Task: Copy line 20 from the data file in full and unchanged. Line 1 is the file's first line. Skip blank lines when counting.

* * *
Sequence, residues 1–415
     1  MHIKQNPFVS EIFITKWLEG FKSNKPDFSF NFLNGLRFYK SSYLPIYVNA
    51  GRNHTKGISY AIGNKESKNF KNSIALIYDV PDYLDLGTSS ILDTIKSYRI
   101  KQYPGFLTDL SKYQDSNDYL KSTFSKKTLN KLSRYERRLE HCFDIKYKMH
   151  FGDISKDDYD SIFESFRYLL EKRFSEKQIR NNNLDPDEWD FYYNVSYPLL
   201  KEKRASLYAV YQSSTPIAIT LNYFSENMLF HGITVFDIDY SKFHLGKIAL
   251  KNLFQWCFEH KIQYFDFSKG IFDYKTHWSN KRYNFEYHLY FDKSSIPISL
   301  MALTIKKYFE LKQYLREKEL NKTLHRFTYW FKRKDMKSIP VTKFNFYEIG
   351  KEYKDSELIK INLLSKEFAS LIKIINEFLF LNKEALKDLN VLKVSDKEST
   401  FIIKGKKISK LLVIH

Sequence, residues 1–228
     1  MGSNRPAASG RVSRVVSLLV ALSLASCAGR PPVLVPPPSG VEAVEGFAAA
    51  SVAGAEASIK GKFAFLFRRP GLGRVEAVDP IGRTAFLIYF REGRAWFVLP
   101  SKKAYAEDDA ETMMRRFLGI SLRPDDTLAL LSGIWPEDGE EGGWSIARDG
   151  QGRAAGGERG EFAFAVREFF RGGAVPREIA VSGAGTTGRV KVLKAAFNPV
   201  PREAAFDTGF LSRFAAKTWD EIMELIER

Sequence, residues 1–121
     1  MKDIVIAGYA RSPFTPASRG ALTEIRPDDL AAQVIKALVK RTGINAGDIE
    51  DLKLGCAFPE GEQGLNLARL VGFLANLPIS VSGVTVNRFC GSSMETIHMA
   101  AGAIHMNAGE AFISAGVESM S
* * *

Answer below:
   101  AGAIHMNAGE AFISAGVESM S